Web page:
Read The Genius and the Goddess (Vintage Classics) by Aldous Huxley Free Online
Book Title: The Genius and the Goddess (Vintage Classics)|
The author of the book: Aldous Huxley
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Reader ratings: 6.2
Edition: Vintage Digital
Date of issue: September 3rd 2015
ISBN: No data
ISBN 13: No data
Format files: PDF
The size of the: 328 KB
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I am sitting here with a USB stick I have just received from Australia, compliments of my mother, on which she has painstakingly copied hundreds of files from the floppy disks of my youth, amongst which I am convinced lies the key to my writerly fame and fortune.
(The last said very much tongue in cheek - not that I'm not convinced, just that I'm a fool. For thinking that either the files are readable - most are not, we're talking files that pre-date even MS DOS - or that fame and fortune await if I even manage to open the blighters.)
This book...this book...I read in Mozambique, in love and in lust and completely, absurdly infatuated with my delinquent, mendicant lifestyle and utterly terrified by the sneaking suspicion that it would sooner or later end in disaster (I suppose you could say it did, or it didn't, depending on which end of the conformity-to-convention spectrum you choose to sit).
Since I can't remember tiny iota of what Huxley wrote, other than that his words left me profoundly shaken as well as stirred, here are the collected quotations I stored and today managed to resurrect....Oh yes, and you can poke fun at my out-of-date (like the files) method of quoting, as well.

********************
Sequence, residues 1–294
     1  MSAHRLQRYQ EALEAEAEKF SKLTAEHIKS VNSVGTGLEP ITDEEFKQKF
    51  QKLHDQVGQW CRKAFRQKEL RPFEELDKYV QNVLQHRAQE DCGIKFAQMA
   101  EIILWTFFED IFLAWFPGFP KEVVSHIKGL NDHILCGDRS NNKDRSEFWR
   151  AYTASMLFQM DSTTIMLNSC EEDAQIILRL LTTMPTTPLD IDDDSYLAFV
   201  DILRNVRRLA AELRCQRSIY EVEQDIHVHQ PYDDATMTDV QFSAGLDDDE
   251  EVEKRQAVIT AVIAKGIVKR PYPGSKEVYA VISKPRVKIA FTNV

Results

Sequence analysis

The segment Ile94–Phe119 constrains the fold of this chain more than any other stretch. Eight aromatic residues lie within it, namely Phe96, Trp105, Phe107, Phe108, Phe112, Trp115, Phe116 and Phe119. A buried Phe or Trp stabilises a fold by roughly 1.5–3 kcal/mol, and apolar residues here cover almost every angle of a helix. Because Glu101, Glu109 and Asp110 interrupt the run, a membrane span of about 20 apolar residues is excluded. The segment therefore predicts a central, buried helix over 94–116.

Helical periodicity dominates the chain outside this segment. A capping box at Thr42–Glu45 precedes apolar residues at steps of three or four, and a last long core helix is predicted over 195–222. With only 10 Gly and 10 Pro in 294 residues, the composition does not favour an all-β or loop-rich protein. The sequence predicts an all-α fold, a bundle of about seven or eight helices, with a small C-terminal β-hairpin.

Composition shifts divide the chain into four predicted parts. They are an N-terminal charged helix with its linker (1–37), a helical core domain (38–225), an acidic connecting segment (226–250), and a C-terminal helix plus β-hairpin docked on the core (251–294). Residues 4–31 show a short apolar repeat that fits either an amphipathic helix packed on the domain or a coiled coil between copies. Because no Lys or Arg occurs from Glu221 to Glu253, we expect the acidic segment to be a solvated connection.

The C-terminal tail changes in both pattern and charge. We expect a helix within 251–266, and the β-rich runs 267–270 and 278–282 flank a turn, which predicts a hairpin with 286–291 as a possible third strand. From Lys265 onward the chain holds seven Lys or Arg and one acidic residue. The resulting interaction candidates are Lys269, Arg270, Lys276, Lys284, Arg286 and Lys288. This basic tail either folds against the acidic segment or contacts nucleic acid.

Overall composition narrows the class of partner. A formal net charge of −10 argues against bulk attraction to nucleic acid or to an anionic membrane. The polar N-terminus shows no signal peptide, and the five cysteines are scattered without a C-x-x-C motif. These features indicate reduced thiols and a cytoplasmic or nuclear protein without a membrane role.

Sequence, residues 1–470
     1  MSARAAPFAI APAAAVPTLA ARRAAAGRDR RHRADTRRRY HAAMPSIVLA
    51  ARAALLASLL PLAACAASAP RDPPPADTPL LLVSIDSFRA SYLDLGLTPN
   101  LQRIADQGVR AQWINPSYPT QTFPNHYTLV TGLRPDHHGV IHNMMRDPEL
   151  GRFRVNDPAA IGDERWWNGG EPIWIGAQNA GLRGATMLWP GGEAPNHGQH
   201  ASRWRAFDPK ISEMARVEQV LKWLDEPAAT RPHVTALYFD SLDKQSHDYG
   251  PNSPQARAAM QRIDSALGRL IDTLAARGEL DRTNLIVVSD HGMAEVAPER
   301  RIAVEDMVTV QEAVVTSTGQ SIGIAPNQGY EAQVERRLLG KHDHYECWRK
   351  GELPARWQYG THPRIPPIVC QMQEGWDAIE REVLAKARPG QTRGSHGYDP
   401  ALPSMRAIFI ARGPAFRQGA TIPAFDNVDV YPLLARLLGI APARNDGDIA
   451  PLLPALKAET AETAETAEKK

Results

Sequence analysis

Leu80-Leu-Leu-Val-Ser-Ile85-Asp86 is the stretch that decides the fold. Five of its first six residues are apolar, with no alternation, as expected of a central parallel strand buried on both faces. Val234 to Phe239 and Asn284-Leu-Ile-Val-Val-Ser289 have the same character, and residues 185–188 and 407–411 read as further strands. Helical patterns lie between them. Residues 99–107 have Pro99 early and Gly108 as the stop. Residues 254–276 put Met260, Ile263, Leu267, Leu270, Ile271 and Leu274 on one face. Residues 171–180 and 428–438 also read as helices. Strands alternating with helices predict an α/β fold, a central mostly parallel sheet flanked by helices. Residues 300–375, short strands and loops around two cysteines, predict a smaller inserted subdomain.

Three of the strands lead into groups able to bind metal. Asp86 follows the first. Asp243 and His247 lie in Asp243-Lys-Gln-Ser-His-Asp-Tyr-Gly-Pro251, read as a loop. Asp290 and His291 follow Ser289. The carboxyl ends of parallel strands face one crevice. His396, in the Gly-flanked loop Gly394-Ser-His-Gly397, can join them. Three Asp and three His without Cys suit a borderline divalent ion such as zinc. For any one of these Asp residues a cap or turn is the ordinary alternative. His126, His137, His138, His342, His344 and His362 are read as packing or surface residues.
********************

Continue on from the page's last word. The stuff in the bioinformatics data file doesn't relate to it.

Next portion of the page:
"...the muses are the daughters of memory.". The Genius and the Goddess p. 9.
"...there's only one solution...l-o-v-e. Or if you prefer, the decent obscurity of the learned languages, agape, caritas, mahakaruna.". Ibid., p. 24.
"What a gulf between impression and expression!...our ironic fate - to have shakespearean feelings...the pure lyrics of experience [transmuted] into the verbal equivalents of tripe and hogwash.". Ibid., p. 36.
"...husbands: insupportable, but worth it....[?]...". Ibid., p. 43.
"...anger translates too well to lust, and sorrow surrenders to sensuality.". Ibid., p. 91.
"...morality is simply the systematic use of bad language.". Ibid., p. 94.
"...the divine was...in the nocturnal apocalypses of love...". Ibid., p. 98.
"What's lemonade? Something you make out of lemons. And what's a crusade? Something you make out of crosses...". Ibid., p. 102.
"...neither a methodist nor a masochist be.". Ibid., p. 103
"...the inner predestination of temperament and character...[and] the predestination of events...". Ibid., p. 115.
Clearly, I shall to have read this again.
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Read information about the authorAldous Leonard Huxley was an English writer and one of the most prominent members of the famous Huxley family. He spent the latter part of his life in the United States, living in Los Angeles from 1937 until his death in 1963. Best known for his novels and wide-ranging output of essays, he also published short stories, poetry, travel writing, and film stories and scripts. Through his novels and essays Huxley functioned as an examiner and sometimes critic of social mores, norms and ideals. Huxley was a humanist but was also interested towards the end of his life in spiritual subjects such as parapsychology and philosophical mysticism. By the end of his life, Huxley was widely acknowledged as one of the pre-eminent intellectuals of his time.
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